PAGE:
(Illustration by Leesha Hannigan comes from the PathfinderWiki and is © Paizo Publishing.)
It was pretty much inevitable that we’d get planar dragons. (Honestly, I expected them sooner than Bestiary 6, but outer and esoteric dragons arrived instead, a sign of Pathfinder’s pulp sci-fi/horror obsession).
What’s not inevitable is their naming convention. It would have been really easy to just slap planar monikers like “Abyssal” or “Maelstrom” on top of these dragons. Instead, we got something far more interesting: names that seem more conceptual, more distilled, that tap into essential aspects of those planes—apocalypse, bliss, crypt, edict, havoc, infernal, paradise, rift. You feel like each dragon species could have its own planar layer or demiplane based on its specific descriptor. (Elysium probably has many fields; Havoc feels like a specific one.) It’s not a huge difference, but it’s a subtle and meaningful one. More importantly, it’s a surprise from the authors, and this late in the Bestiary life cycle surprises are to be treasured.
So…the paradise dragon. Like all planar dragons, it manifests a chunk of its home plane around itself (a nice touch that feels very video-gamey or anime but still awesome). The paradise dragon’s specific special abilities also pack a lot of heavenly flavor. The text indicates that they create holy sanctums of light and harmony to shield their followers, and that extends to their abilities, which aid, heal, resurrect, rebound, bull rush, or banish as needed, allowing them to reshape even the battlefield to their liking.
Like archons, these dragons are pretty much the ne plus ultra of right and good…but for adventure design purposes, there’s always that one bad apple more concerned with his particular rightness than the public goodness. Also, in the single sentence of descriptive text we get, B6 mentions these dragons attract followers…and what policies or actions a planar dragon deems necessary to protect its followers may not jibe with PCs’ plans.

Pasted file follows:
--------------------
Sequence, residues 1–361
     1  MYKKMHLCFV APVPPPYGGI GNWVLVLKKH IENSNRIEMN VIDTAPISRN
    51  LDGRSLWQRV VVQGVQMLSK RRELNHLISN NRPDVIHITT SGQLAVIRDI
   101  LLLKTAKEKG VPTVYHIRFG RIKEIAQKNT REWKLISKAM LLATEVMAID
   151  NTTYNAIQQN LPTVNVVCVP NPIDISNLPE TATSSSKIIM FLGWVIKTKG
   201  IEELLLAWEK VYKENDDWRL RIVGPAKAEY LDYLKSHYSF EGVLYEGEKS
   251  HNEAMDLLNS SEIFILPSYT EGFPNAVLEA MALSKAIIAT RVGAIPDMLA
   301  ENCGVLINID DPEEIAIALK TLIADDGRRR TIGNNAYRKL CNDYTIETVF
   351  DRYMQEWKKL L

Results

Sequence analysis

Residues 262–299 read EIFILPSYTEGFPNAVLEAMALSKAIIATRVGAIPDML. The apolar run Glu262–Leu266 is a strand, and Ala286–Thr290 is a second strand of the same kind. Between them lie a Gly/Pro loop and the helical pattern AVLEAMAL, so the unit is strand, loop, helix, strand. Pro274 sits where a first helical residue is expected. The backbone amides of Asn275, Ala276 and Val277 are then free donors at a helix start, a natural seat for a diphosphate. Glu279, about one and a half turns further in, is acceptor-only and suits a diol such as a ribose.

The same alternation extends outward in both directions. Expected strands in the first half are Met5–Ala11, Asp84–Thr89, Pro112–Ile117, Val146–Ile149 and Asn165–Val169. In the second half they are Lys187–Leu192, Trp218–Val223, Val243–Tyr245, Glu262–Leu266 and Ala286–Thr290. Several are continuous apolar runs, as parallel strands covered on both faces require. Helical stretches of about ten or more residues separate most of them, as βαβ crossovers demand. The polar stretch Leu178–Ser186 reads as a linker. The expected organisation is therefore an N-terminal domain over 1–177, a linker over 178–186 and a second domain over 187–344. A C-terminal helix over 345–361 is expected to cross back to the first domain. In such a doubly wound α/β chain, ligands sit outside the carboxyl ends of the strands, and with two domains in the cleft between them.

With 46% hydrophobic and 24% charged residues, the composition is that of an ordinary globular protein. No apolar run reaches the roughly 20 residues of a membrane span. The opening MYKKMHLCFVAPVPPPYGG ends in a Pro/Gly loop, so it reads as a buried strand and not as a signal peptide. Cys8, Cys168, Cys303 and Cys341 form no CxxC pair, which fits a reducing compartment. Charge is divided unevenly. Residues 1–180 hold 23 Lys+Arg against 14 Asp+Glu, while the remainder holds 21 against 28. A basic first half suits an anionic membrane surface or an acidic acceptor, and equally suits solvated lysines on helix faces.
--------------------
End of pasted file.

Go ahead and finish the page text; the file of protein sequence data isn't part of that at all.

The paradise dragon Pearl of Moonlight discovered the long-hidden prison lair of Alefbetraxus, an elder wyrm. Overawed and a little infatuated by his age and grandeur, Pearl seeks to free the primordial dragon, and she will brook no interference. Unfortunately, Alefbetraxus is still guided by his instinctual drives, one of which (in fact, the reason for his imprisonment) is to eradicate any and all forms of elemental planar pollution. Poor Pearl has no inkling what he might do to the world she guards, where one in twenty humans has geniekin blood.
Paradise dragons are discouraged from dwelling too long on the Material Plane, as cults inevitably form around them. The empyreal lord Enoch the Admonisher, Scourge of Pride, makes it his business to test the character of these paradise dragons, often using powerful adventurers as cat’s-paws.
Since the Shattering, there has been no single lawful good plane—a triumph of existential undermining sponsored by the daemons of the Shroud. What remains are scattered islands of conceptual reality—the Seven-and-Seventy Heavens—each one held together and defended only by the iron will and adamantine claws of a paradise dragon and its followers. (This includes whichever archons haven't yet fled the multiverse in shame.)
—Pathfinder Bestiary 6 104–105
Not all the planar dragons appear in Bestiary 6; some show up in Pathfinder Adventure Path issues. I think at time of writing we’re still missing one from the Maelstrom (PathfinderWiki indicates it’s the tumult dragon). (Or maybe that plane rejects having a designated dragon species as being too orderly…or maybe doesn’t need one, thanks to the protean race…)
Speaking of the dragons we got (or didn’t)…we were probably never going to get all of the abomination, humour, mineral, thaumaturgic, sin, and virtue dragons that Mike McArtor teased all the way back in Pathfinder #4: Fortress of the Stone Giants. But I fervently wish we had gotten some of them, and to this day I love the weirder, wilder Golarion they suggested. If you ever get the chance to dig up the early Pathfinder issues—especially those explosive first 18 issues—do it!